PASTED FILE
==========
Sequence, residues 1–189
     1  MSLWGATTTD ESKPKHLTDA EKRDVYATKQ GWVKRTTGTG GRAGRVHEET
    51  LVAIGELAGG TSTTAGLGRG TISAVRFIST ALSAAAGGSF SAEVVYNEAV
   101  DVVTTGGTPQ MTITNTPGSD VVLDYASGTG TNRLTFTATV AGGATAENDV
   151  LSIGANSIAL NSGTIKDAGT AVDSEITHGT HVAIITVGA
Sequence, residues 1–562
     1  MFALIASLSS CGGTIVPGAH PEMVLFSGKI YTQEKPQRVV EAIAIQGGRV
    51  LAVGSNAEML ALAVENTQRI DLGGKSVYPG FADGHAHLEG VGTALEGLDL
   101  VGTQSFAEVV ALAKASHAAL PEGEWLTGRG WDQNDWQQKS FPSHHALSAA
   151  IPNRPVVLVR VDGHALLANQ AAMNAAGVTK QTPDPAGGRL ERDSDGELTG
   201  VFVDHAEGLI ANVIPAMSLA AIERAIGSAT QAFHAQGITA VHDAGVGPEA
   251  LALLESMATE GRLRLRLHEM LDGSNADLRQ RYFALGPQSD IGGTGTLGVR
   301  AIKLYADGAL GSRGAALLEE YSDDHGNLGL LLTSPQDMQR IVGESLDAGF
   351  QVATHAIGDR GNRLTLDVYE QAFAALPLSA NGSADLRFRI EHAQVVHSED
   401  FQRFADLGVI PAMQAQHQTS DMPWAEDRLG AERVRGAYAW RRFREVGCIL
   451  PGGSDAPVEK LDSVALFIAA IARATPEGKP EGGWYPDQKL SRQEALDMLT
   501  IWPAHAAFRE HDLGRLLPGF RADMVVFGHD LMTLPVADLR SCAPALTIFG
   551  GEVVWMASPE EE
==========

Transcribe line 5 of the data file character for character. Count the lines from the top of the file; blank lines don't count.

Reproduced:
   151  LSIGANSIAL NSGTIKDAGT AVDSEITHGT HVAIITVGA